How to Reduce Stress

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If we get stressed often and quickly, it means that we are harboring many internal conflicts and are not conscious of them. This makes it impossible to get rid of stress quickly. First, we must learn what causes mental stress. The information we receive from the outside (which we dislike), creates a feeling that evolves into a negative emotion (negative mental energy). For example, the inability to understand or accept other people’s point of view can cause mental stress.

In my late twenties, I struggled consistently with mental stress. I was happy to work in a global corporation and also excited to be responsible for many projects at once. Despite the work load I had, I was a victim of mobbing because of my keen engagement towards my tasks. I was physically and mentally exhausted because of the many complex purchase orders I had to place for the projects assigned to me. On top of that, there were certain people in the organization giving me hard time because of my desire to strive to improve.

There was an immediate disharmony between me and these people that generated a feeling of intolerance and non-acceptance. This grew into feelings of disappointment and frustration, which ended up creating emotion of anger and anxiety over not performing well or losing my job.

Day in, and day out, I was stressed. I understood that the people and the circumstances causing my mental stress wouldn’t change, so I had to understand that, accept it, and find a way to approach my stress and conflicts efficiently. I saw it as a challenge and was grateful for it. I not only reduced my mental stress but found a way to never let it develop again.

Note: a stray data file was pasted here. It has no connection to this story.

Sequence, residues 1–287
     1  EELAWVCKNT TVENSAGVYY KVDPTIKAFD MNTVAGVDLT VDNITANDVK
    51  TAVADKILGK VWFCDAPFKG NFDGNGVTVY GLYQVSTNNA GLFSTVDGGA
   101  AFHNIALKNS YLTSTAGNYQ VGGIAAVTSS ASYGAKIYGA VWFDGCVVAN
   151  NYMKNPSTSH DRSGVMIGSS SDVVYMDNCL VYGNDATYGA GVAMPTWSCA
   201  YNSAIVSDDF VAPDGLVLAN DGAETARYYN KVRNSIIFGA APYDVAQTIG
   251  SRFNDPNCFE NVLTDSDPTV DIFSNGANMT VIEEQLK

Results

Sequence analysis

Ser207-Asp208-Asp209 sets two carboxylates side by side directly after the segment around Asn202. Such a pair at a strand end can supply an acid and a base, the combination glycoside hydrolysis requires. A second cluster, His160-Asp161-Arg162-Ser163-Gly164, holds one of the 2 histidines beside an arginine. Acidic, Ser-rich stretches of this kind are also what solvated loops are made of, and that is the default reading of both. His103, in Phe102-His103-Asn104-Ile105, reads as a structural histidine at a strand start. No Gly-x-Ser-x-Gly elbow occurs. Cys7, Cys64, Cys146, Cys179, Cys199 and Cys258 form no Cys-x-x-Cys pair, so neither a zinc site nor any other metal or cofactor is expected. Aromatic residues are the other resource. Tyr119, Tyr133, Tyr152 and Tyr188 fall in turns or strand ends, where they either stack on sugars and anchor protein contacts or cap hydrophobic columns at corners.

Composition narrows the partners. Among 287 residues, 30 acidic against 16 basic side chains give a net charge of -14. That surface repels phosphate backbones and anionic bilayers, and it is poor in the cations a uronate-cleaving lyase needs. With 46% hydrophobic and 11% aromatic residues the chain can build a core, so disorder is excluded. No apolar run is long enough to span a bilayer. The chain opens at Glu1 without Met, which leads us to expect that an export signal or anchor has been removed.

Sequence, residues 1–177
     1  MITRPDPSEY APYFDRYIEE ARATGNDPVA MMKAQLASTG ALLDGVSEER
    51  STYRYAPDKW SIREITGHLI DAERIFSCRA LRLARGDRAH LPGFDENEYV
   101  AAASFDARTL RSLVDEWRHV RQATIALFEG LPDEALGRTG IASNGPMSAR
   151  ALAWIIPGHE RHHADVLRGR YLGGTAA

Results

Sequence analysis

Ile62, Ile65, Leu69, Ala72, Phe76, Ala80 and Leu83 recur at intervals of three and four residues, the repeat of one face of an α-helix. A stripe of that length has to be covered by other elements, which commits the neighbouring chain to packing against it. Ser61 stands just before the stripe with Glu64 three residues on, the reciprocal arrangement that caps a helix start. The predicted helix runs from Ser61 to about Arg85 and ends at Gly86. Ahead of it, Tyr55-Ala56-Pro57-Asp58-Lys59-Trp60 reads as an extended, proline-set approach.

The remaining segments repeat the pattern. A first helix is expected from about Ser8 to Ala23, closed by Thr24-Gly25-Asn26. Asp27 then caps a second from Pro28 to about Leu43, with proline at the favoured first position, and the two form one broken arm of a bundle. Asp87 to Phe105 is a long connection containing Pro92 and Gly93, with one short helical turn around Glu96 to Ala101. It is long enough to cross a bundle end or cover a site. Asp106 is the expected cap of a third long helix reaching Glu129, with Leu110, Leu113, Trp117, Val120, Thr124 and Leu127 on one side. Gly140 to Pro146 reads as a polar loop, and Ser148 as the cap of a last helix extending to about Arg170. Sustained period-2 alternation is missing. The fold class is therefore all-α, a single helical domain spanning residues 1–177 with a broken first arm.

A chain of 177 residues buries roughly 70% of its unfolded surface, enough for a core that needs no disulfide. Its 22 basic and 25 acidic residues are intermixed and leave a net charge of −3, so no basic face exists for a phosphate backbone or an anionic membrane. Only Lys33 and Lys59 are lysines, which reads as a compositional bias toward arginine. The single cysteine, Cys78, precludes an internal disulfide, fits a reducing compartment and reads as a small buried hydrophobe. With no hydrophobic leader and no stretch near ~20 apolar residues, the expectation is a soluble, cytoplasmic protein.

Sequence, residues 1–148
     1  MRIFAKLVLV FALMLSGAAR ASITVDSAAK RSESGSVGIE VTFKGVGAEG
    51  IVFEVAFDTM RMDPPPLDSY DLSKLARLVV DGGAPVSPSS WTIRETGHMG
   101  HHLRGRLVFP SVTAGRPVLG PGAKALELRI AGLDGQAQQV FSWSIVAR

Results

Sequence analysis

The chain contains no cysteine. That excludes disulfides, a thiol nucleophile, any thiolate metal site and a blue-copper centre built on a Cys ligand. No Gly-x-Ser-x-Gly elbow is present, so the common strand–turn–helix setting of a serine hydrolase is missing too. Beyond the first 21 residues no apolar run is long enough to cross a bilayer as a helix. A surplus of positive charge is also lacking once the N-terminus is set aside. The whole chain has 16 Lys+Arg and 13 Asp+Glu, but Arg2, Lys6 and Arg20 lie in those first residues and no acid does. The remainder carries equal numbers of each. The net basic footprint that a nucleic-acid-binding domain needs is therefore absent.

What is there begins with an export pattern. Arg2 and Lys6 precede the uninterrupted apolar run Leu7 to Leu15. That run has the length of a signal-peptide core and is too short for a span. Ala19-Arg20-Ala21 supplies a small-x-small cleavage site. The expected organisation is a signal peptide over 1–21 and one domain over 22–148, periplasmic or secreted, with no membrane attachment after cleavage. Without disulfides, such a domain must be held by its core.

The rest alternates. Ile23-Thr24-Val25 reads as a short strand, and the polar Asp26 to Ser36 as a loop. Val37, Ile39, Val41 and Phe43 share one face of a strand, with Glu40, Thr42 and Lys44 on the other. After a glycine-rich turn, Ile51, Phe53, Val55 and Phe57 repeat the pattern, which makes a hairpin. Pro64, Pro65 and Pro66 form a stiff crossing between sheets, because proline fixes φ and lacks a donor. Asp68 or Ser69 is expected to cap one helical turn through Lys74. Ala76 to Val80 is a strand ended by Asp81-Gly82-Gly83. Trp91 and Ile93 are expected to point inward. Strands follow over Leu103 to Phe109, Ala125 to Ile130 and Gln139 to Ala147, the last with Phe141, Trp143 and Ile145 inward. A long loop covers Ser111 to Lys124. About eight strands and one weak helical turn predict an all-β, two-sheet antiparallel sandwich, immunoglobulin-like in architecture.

A technique is applied successfully when its essence is really understood and absorbed. If a technique is to be applied quickly, there must be extensive knowledge of the situation in which the technique is required.

In the context of mental stress, for example, we get scared and anxious in (sometimes normal) situations because we don’t know what is happening or what is going to happen. The uncertainty of the result causes tension and mental stress. The longer we move in that uncertainty, the greater and heavier our mental stress becomes.

Meditation brings short-term stress relief as well as lasting stress management benefits. There are many different forms of meditation to try–each one is unique and brings its own appeal.2

You might develop a mantra that you repeat in your mind as you take slow deep breaths. Or, you might take a few minutes to practice mindfulness, which involves being in the moment. Simply pay attention to what you see, hear, taste, touch, and smell.

Yoga combines physical movement, meditation, light exercise, and controlled breathing—all of which provide excellent stress relief.13

And while you’re likely to reap immediate benefits from a single yoga session, you’re likely to receive long-term benefits if you incorporate it into your life in a consistent way. 

eisure activities can be a wonderful way to relieve stress.12 Yet, many people feel as though their lives are too busy for hobbies, games, or extra fun.

But building time for leisure into your schedule could be key to helping you feel your best. And when you feel better, you’ll perform better, which means leisure time may make your work time more efficient.

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